Joint Replacement Patient Outcomes


  • There are proven standards of care that improve your chance of having a successful outcome. Those standards are listed in the first column of the table below. Click on each term to learn what it means. The next column shows our goal, which is based on the national average from similar hospitals around the country. The remaining columns show a year-by-year history of how often Memorial University Medical Center provided these standards of care for hip and knee replacement patients. A higher score is better.

      Our Goal

    January through April 2016

    2015 Total

    Quality Measure (click on each term to learn more)
    Antibiotic Within One Hour of Cut Time 100%

    100%

    100%

    Appropriate Antibiotic Selection 100%

    100%

    100%

    Antibiotics Discontinued Within 24 to 48 Hours 100%

    100%

    99.8%

    Complications

    Any time you undergo major surgery, there is a risk of complications. We follow proven standards of care and go to great lengths to reduce the risk of complications. This table shows how often our patients have experienced complications after surgery. The first column lists the complication. The next column shows our goal, which is based on the national average from similar hospitals around the country. The remaining columns show year by year what percentage of hip and knee replacement patients at Memorial University Medical Center experienced a complication. A lower score is better.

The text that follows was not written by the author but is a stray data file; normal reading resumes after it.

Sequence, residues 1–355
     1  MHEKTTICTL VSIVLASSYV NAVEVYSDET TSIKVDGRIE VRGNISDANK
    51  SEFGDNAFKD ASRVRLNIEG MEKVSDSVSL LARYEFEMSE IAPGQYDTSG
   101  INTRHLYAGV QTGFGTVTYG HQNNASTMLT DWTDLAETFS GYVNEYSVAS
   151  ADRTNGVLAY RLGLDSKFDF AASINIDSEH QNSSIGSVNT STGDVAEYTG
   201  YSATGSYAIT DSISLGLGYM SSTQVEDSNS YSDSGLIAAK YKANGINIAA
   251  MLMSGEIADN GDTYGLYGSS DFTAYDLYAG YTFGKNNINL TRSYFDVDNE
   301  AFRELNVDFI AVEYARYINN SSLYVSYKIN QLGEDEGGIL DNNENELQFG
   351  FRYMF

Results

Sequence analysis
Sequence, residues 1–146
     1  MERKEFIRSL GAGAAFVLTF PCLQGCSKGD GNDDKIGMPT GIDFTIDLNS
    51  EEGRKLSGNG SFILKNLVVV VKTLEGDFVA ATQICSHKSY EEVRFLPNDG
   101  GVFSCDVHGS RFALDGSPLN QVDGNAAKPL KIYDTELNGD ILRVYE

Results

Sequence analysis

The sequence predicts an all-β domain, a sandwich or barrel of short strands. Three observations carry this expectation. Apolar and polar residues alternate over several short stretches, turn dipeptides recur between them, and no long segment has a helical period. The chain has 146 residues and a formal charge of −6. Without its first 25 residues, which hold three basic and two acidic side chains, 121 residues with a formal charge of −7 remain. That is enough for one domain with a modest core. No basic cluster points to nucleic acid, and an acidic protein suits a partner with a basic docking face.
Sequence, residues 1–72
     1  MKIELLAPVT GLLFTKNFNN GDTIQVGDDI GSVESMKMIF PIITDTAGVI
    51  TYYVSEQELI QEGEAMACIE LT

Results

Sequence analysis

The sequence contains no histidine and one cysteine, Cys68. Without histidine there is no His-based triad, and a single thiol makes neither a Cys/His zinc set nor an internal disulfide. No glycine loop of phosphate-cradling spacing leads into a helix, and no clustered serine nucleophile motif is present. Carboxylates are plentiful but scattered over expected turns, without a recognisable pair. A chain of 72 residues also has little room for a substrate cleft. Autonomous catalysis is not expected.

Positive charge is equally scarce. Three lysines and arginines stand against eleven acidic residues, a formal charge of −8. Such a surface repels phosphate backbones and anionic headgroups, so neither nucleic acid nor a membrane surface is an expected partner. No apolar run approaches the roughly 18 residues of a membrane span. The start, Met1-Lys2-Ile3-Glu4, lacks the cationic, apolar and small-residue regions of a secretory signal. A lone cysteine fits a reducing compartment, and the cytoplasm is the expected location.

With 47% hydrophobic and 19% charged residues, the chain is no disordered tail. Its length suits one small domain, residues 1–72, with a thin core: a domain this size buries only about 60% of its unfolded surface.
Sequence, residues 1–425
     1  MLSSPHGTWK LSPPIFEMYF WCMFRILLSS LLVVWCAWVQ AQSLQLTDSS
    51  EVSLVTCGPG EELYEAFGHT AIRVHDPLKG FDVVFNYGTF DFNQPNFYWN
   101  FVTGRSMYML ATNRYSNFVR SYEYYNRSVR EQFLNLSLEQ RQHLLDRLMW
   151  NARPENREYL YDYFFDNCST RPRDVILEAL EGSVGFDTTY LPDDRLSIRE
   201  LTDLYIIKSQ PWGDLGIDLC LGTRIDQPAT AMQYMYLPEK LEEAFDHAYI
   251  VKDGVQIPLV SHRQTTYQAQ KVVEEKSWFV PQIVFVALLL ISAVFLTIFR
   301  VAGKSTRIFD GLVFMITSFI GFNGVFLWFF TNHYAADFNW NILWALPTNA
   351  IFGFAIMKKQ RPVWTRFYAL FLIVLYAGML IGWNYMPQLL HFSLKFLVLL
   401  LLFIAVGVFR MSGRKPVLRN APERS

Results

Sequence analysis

Our Goal January through April 2016 2015 Total
    Complication (click on each term to learn more)
    Blood Clots in the Hospital 4 Data Not Available 3
    Hip Revision 1% 1.04% 1.09%
    Knee Revision 1% 0% 1.32%
    Infection Less than 1% 1.19% 1.19%
    Hip Transfusion 4.5% 2.38% 4.71%
    Knee Transfusion 0.44% 0% 0.44%
    Patient Satisfaction

    The scores below are based on responses from a sample of people admitted to Memorial University Medical Center for joint surgery. Patients are asked to rate the care they received using a five-point scale ranging from "very poor" to "very good." The numbers below represent the percentage of people who gave us the highest score possible, also known as the "top box score." In this table, a higher score is better.

    Overall Score
    Survey Question Our Goal 
    January through April 2016 
     
    2015 Total 
    Pain Addressed Promptly 80%  83.8%  78%
    Overall Patient Satisfaction 80%  90.9%  83%